People wonder whether we can afford Iraq and Katrina. The answer is, easily. What we can't afford simultaneously is $1.4 trillion in tax cuts and more than $1 trillion in new entitlement spending over the next 10 years.... Robert Hormats of Goldman Sachs has pointed out that previous presidents acted differently. During World War II, Franklin Roosevelt cut nonwar spending by more than 20 percent, in addition to raising taxes to finance the war effort. During the Korean War, President Truman cut non-defense spending 28 percent and raised taxes to pay the bills. In both cases these presidents were often slashing cherished New Deal programs that they had created.... The U.S. Congress is a national embarrasment, except that no one is embarrassed. There are a few men of conscience left, like John McCain, but McCain's pleas against pork seem to have absolutely no effect. They are beginning to have the feel of a quaint hobby, like collecting exotic stamps.

Today's Republicans believe in pork, but they don't believe in government. So we have the largest government in history but one that is weak and dysfunctional. Public spending is a cynical game of buying votes or campaign contributions, an utterly corrupt process run by lobbyists and special interests with no concern for the national interest. So we shovel out billions on "Homeland Security" to stave off nonexistent threats to Wisconsin, Wyoming and Montana while New York and Los Angeles remain unprotected. We mismanage crises with a crazy-quilt patchwork of federal, local and state authorities--and sing paeans to federalism to explain our incompetence. We denounce sensible leadership and pragmatism because they mean compromise and loss of ideological purity. Better to be right than to get Iraq right....

[W]e need government. We already pay for it. Can somebody help us get our money's worth?

Knight-Ridder Is a News Service

Drew Brown, Seth Borenstein and Alison Young write:

KR Washington Bureau | 09/16/2005 | Key military help for victims of Hurricane Katrina was delayed: WASHINGTON - Two days after Hurricane Katrina hit the Gulf Coast, President Bush went on national television to announce a massive federal rescue and relief effort. But orders to move didn't reach key active military units for another three days. Once they received them, it took just eight hours for 3,600 troops from the 82nd Airborne Division at Fort Bragg, N.C., to be on the ground in Louisiana and Mississippi with vital search-and-rescue helicopters. Another 2,500 soon followed from the 1st Cavalry Division at Fort Hood, Texas.

"If the 1st Cav and 82nd Airborne had gotten there on time, I think we would have saved some lives," said Gen. Julius Becton Jr., who was the director of the Federal Emergency Management Agency under President Reagan from 1985 to 1989. "We recognized we had to get people out, and they had helicopters to do that."

Federal officials have long known that the active-duty military is the only organization with the massive resources and effective command structure to handle a major catastrophe. In a 1996 Pentagon report, the Department of Defense acknowledged its large role in major disasters. Between 1992 and 1996, the Pentagon provided support in 18 disasters and developed five training manuals on how to work with FEMA and civilians in natural disasters. "In catastrophic disasters, DOD will likely provide Hurricane Andrew-levels of support and predominately operate in urban or suburban terrain," the report said. "This should be incorporated into planning assumptions."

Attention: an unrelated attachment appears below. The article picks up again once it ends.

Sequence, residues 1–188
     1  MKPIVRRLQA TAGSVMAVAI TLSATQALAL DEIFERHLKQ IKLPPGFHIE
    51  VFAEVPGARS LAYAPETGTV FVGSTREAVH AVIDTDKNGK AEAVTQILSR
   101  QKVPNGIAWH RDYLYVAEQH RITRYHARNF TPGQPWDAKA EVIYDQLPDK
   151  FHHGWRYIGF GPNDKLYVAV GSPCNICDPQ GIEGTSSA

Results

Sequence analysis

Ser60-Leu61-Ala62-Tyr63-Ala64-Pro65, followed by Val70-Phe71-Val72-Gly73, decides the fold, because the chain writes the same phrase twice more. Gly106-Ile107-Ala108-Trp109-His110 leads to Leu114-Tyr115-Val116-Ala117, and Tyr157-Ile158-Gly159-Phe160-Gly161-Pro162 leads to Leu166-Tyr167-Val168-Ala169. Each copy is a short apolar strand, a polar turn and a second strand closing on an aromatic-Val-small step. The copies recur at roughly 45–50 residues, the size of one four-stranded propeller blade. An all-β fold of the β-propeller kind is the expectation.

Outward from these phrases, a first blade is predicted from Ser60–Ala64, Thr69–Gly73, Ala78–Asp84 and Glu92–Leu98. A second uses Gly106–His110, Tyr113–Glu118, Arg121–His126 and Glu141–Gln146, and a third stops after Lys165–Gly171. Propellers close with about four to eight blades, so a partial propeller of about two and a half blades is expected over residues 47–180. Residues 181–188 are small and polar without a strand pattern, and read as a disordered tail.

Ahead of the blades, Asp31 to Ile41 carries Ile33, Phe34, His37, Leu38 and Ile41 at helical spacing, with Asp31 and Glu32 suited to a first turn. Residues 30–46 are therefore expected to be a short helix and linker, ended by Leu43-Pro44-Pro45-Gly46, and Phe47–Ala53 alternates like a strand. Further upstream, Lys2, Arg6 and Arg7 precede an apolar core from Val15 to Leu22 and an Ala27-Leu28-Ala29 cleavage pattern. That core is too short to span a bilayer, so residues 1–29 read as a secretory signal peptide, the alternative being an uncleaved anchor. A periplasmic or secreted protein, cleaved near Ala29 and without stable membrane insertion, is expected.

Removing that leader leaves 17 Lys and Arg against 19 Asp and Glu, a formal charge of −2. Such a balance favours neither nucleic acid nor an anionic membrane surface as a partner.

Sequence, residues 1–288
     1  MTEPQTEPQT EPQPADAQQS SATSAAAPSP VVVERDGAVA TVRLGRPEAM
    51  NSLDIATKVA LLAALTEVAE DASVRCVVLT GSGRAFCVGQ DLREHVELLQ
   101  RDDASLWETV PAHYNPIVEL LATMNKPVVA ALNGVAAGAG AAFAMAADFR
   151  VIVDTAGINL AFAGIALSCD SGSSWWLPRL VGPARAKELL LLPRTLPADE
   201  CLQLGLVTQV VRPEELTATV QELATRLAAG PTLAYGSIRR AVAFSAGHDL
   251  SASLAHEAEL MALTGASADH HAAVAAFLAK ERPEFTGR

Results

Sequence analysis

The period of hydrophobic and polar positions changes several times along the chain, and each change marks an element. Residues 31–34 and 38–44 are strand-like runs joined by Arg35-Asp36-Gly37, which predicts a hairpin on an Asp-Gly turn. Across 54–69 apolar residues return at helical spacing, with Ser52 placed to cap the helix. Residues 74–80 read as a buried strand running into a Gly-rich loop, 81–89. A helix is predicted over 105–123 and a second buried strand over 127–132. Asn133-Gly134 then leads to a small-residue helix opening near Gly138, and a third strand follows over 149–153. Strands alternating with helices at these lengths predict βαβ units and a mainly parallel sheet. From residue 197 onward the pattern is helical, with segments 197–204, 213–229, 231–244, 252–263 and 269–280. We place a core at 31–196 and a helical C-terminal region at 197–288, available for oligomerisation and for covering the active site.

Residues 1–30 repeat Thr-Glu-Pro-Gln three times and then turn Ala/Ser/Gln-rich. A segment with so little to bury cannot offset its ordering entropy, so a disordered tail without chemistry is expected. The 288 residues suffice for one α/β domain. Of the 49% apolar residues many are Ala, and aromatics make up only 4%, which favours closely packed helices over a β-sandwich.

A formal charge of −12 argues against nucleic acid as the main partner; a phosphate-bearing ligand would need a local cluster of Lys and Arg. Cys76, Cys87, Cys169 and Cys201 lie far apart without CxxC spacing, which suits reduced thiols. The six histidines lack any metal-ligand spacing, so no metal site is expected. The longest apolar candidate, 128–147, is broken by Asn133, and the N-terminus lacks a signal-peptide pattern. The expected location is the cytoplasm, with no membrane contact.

The delay this time in tapping the troops, helicopters, trucks, generators, communications and other resources of the 1st Cavalry and the 82nd Airborne is the latest example of how the federal response to Katrina lacked organization and leadership. And it raises further questions about the government's ability to rapidly mobilize the active-duty military now that FEMA has been absorbed into the massive, terrorism-focused Department of Homeland Security. Addressing the nation on Thursday night in a speech from New Orleans, Bush said the storm overwhelmed the disaster relief system. "It is now clear that a challenge on this scale requires greater federal authority and a broader role for the armed forces, the institution of our government most capable of massive logistical operations on a moment's notice," he said.

Several emergency response experts, however, questioned whether Bush and Homeland Security Secretary Michael Chertoff understood how much authority they had to tap all the resources of the federal government - including those of the Department of Defense. "To say I've suddenly discovered the military needs to be involved is like saying wheels should be round instead of square," said Michael Greenberger, a law professor and the director of the University of Maryland's Center for Health and Homeland Security...

Impeach George W. Bush. Impeach him now.

The Iraqi Civil War

Informed Comment writes:

Informed Comment : Tal Afar as Ethnic Civil War: Much of the American press has reported the Tal Afar campaign as a strike by the new Iraqi Army, supported by US troops, against foreign infiltrators in the largely Turkmen city of 200,000. As Jonathan Finer makes clear in the Washington Post, however, the operation looks different if we know some details. The "Iraqi Army" leading the assault turns out to be mainly the Peshmerga or Kurdish ethnic militia Along for the ride are local Turkmen Shiites who are being used as informers and for the purpose of identifying Sunni Turkmen they think are involved in the guerrilla movement (apparently they sometimes make false charge to settle scores). Tal Afar was 70 percent Sunni Turkmen and 30 percent Shiite Turkmen. The Sunni Turkmen had thrown in with Saddam, and some more recently had turned to radical Islam. The Shiite Turkmen lived in fear of their lives.